In an announcement, the Newark-based utility said it asked for initial funding approval of $2.6 billion from the Board of Public Utilities to cover the first five years of upgrades. An additional $1.3 billion would be sought over the next five years.
If the BPU approves the funding, it will have to come out of customers' pockets, but PSE&G said it doesn't anticipate a huge impact to payers, given that natural gas is 35 percent lower now than it was in 2008.
"The good news is that the timing is right to get the work done now without increasing customers' bills," said Ralph Izzo, PSE&G chairman and CEO. "Interest rates are low and labor is available."
A gas and electrical customer who paid $3,000 a year in utility bills now pays about $2,400, said Ralph LaRossa, PSE&G president and chief operating officer. Barring a rise in commodity prices, that bill in 2018 would be about the same with all the improvements made.
"The cost of inaction is too high for New Jersey businesses and families to bear," he said.
Among the improvements would be raising substations or building barriers to protect them from flooding, replacing or modernizing gas mains in and near flood areas, deploying smart grid technology to better monitor systems operations, and improving pole distribution systems.
Sandy exposed a number of weaknesses in the state's electrical grid — 2 million of the company's 2.2 million electric customers lost power due to damaged switching and substations, damaged poles and electrical equipment, and downed trees that bought down wires, the company said. PSE&G wants to make the improvements in the face of the trend of increasingly violent storms.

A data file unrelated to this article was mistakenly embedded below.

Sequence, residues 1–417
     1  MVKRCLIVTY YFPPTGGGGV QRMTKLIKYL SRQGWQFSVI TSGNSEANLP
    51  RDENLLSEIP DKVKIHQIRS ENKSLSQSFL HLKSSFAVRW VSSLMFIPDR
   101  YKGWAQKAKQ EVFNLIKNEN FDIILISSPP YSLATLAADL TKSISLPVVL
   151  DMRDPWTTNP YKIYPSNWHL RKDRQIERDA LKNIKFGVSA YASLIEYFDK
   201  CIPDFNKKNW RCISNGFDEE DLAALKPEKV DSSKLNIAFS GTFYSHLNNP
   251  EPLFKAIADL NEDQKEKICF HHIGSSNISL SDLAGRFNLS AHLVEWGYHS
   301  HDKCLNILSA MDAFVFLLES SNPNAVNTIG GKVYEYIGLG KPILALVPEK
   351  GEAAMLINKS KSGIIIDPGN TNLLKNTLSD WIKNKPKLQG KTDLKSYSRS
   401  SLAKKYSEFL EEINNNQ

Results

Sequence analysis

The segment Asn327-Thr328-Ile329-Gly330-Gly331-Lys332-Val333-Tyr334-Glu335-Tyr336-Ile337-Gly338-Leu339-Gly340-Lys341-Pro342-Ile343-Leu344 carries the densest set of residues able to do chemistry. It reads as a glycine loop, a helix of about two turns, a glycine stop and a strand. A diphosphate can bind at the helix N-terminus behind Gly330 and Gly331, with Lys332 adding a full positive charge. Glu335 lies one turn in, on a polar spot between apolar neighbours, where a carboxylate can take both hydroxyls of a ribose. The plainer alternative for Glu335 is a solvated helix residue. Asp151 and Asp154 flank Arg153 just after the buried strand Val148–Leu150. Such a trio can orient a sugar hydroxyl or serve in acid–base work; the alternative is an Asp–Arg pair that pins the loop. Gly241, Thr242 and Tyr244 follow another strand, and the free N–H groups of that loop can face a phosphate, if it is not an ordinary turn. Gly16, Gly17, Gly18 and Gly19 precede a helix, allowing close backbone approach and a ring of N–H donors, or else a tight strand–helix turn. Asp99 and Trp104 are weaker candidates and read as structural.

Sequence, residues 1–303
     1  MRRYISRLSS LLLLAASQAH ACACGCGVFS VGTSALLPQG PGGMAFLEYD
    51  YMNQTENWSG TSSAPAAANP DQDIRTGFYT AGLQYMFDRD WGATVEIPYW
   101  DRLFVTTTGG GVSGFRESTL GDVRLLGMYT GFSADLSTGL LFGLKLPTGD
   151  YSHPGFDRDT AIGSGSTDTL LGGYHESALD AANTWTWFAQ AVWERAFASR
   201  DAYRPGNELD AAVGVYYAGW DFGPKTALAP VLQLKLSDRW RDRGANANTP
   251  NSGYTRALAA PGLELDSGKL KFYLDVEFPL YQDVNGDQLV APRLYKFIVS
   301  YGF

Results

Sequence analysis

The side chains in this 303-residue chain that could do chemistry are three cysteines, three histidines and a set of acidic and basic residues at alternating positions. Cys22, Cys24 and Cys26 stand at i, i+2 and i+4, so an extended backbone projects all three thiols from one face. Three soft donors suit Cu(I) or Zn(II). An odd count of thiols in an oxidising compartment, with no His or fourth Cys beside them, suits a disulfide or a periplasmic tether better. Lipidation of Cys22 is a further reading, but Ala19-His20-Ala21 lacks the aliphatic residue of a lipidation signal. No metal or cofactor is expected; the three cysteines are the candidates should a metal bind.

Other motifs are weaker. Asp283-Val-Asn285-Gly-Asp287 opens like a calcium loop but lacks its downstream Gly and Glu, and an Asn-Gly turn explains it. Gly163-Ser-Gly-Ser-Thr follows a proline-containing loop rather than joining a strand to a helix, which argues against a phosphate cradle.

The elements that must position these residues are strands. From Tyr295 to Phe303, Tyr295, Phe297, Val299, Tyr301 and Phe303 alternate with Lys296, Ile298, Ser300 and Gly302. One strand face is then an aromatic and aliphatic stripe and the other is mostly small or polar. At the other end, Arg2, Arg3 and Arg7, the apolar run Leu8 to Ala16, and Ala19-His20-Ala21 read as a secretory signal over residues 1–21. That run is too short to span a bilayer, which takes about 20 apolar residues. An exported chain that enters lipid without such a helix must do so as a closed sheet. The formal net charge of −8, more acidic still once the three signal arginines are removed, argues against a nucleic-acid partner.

AARP New Jersey quickly came out in opposition of the multibillion-dollar program, saying it could have serious impacts on low-income ratepayers.
“In light of all that our fellow New Jerseyans have and continue to endure, we call on the Board of Public Utilities to carefully and diligently scrutinize the sheer size of this request and its impact on maintaining affordable utility services — especially for those living on low and fixed incomes — and whether the benefits outweigh the costs of the company’s proposed projects,” said Dave Mollen, AARP New Jersey’s president, in a press release.
But Clark Barrineau, of the American Society of Civil Engineers, said the investment is a wise one.
"We believe investment in infrastructure leads to business growth and greater economic competitiveness in the global marketplace," he said. "If we don't invest in infrastructure, the American economy will suffer, eventually resulting in the loss of jobs, personal income and the GDP."
An ASCE study found that by 2020, closing the investment gap in the electrical grid could save American businesses $126 billion, prevent the loss of 529,000 jobs and avert $656 in personal income losses.
Contributing: Jared Kaltwasser